Heat Rub for Sore Muscles

What works for you best?

17 messages
03/01/2013 at 13:00

My hamstrings tend to get really tight and sore after returning to exercise following a period of inactivity (even though I try to restart exercise gradually and gently - OK, perhaps not gently enough...).

I usually try to solve the problem by stretching and using a massage ball. This gives me momentary relief, but I find that I get stiff again soon and I can't really notice any difference in the speed of recovery.

I am thinking of using a heat rub/balm. Can you guys recommend any particular products that do not only tackle the symptoms on the surface but also fasten recovery at the same time?

Thanks a lot!

03/01/2013 at 15:16

I don't think any of them do any thing other than benefit you get from the massage of rubbing it in, and the nice warm/cold feeling.

Ibuprofen gel might help if you are sore.

Make sure you eat properly, including some protein, within a couple of hours of running - that will help with recovery.

03/01/2013 at 16:26

I find a couple of Scandinavian blondes massaging my legs whilst I sip a cold beer works....  Well it might not work, But it takes my mind off my legs !

03/01/2013 at 16:53
I use a combination of Deep Heat and Deep Freeze. Deep Heat before and Deep Freeze after. Seems to help though it could be purely psychological.
03/01/2013 at 23:28

It may sound counter intuitive, but do your stretching the other way round. Some people swear that you must stretch before a run, which I used to do, on that advice. But I found I kept picking up injuries in my calves and glutes. So I tried the opposite. I now never strech before a run, but take a good 10 minutes or more after a workout to do some gentle stretching of everything. I get really good recovery now, very little soreness the next day, and very rarely pick up any injuries. its worked for four years or more! I second the ibuprofen gel advice for soreness, particularly straight after the stretching as you'll get a nice bit of massage too as you work it in. We're all different, so mix it up a bit and see what works for you. Good luck.

05/01/2013 at 20:14

Be careful not warming up before runs, I used to never warm up the pulled a groin strain and adductor muscles and was in utter agony and out of running for 2 months.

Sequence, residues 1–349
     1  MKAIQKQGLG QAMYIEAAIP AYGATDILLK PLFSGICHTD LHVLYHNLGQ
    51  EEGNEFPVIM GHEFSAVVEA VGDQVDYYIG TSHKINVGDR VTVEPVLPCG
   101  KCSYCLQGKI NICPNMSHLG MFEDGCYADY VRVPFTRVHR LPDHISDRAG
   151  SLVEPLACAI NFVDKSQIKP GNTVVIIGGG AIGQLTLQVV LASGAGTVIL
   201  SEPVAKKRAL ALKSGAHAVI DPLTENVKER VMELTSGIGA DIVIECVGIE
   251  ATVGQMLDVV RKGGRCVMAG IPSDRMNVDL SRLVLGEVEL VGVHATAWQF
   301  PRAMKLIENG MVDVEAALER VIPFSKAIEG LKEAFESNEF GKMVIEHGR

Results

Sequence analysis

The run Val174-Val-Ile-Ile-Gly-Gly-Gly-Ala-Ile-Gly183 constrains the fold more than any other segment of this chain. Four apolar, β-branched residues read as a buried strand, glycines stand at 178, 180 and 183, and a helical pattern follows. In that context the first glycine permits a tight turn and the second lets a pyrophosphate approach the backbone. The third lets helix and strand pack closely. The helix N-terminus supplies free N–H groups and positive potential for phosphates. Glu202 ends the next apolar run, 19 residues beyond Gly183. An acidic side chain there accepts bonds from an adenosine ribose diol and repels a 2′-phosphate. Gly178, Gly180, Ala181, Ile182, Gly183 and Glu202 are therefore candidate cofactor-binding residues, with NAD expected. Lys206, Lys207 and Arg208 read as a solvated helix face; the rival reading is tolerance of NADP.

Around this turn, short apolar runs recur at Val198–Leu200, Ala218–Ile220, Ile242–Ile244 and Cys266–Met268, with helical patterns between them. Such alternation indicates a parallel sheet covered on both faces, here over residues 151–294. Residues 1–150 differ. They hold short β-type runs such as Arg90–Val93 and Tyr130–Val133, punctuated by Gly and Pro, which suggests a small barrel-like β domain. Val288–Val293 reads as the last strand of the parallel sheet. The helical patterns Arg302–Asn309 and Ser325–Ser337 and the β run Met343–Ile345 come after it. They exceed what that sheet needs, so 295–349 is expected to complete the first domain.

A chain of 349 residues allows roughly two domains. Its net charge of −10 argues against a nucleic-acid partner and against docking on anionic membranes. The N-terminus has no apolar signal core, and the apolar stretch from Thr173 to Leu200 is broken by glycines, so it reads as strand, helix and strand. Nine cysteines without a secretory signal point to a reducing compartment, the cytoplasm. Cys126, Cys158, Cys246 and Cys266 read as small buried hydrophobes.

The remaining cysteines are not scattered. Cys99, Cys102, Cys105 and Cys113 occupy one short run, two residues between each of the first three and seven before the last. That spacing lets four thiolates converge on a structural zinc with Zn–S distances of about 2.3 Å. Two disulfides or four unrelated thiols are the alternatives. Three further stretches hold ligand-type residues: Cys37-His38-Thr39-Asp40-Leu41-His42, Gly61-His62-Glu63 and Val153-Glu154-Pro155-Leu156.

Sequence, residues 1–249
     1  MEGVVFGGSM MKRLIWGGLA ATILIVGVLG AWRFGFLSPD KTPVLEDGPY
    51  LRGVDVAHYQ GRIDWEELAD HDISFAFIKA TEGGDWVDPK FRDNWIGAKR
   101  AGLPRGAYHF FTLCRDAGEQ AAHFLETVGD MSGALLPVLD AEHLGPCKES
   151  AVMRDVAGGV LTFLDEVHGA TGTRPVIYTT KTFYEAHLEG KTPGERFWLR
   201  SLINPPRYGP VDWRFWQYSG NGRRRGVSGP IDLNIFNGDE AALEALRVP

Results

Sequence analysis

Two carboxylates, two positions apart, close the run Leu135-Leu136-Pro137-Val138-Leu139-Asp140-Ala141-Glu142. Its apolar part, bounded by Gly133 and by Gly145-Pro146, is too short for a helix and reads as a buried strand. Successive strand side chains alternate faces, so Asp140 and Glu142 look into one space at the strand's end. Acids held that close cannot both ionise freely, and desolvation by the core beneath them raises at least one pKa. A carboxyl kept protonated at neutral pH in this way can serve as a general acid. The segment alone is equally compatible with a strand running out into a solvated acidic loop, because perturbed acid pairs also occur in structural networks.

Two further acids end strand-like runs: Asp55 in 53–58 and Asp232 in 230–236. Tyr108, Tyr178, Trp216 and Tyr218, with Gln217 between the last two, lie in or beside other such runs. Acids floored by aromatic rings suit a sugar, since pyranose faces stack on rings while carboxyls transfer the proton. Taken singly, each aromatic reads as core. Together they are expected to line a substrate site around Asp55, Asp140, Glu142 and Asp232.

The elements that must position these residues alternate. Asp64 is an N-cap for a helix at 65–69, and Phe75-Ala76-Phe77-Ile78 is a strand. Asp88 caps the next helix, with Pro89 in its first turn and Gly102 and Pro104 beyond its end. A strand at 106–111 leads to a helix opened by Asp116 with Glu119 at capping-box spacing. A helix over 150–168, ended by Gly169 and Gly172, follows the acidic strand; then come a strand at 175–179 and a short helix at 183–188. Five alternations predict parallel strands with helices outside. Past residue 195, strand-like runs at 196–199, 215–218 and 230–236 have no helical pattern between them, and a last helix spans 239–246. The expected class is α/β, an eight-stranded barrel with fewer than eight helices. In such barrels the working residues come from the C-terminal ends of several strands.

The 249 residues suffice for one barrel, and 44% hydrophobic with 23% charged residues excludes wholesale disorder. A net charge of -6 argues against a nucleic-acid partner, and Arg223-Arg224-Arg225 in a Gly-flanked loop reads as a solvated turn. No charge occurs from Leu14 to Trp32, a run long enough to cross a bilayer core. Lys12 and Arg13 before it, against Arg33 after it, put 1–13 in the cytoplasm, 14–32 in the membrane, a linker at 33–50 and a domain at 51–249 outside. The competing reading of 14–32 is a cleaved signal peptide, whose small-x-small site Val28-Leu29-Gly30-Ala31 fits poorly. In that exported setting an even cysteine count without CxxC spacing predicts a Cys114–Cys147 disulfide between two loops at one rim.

05/01/2013 at 20:19

There's a difference between not warming up and not stretching.  Before a run you should warm up by brisk walking, gentle running or dynamic exercises such as knee raises and kick backs.  After a run you should do your static stretches, and at other times during the day when you feel stiff.

I don't like chemical rubs and tend to use a wheat pillow instead.  Heat it up in the microwave for 3 minutes and go to sleep with it under your calf or thigh, depending where the problem is.  It smells a lot less than rubs, doesn't get on the sheets, and doesn't reduce your chances of getting intimate with your partner  Also good in place of a hot water bottle in winter

Edited: 05/01/2013 at 20:21
05/01/2013 at 20:26

I agree with SuperCaz, dynamic exercises pre run, n static stretches post. I also do Yoga, there are some brilliant running specific poses such as warrior and downward dog which are good for hamstrings... do daily

05/01/2013 at 20:47
Good advice
06/01/2013 at 10:15

I do Body Balance which uses a lot of yoga moves and find it essential to stop me from stiffening up

06/01/2013 at 13:44
This is great advice, thanks for all who contributed so far. I agree that dynamic warmup before and static stretches after running can make a huge difference. I need to make sure I don't skip doing these. I used to do Body Balance in my old gym, they don't have this class in my new one but they do offer Pilates and Yoga classes so I'm planning to make it a more regular habit to do Yoga/Pilates.

All in all, I guess prevention is always better than cure so I will try and focus on how NOT to get really bad muscle pain.
06/01/2013 at 13:52

I also subscribe to having protein after a tough session.  I prefer mine in the form of a milkshake as I tend to find my stomach is delicate, but a sandwich containing chicken, tuna or egg can be just as effective.

Ye Olde Dragon    pirate
06/01/2013 at 14:08

cold bath - works every time 

When I do my long long runs (eg 15 miles +), I tend to have 10 minutes in a cold bath then either a warm bath or a warm shower, depending on how much time I have. There is a trick and a skill to these baths, I get into the empty bath (keeping a jumper/tshirt on), then turn on the cold tap. As the bath is filling, your body adapts to the temp. I also take a coffee with me. Wiggle also do a 'recovery' cream which is good and doesn't get on your chest like the deep heat stuff.

06/01/2013 at 14:13

Cold baths don't work for me.  Maybe because I swim in cold water a lot so my body is used to them.

08/01/2013 at 18:08
I have never tried cold baths but it has been on my mind for a while. Is the water you run from the tap cold enough or do you add ice cubes as well? Do you actually sit in the bath or just dip in your legs?
09/01/2013 at 22:11
Cold baths !! Not for me !! Lol
10/01/2013 at 13:32

I'd only ever do cold baths if its 30C outside...  This time of year no chance!!  

Any cream/lotion will only work on the symptoms.  The action of massaging muscles will be what helps recovery (helping to shift lactate/ waste products from your muscles). 

A review of all stretching injury studies in the past has shown stretching before exercise may, on average prevent one injury every 23 years!   As said above, dynamic warm up before and then static stretching after is best.  I love downward dog yoga stretch as it does the whole leg.   Make sure you balance it by doing hip flexor and glut stretches as well.



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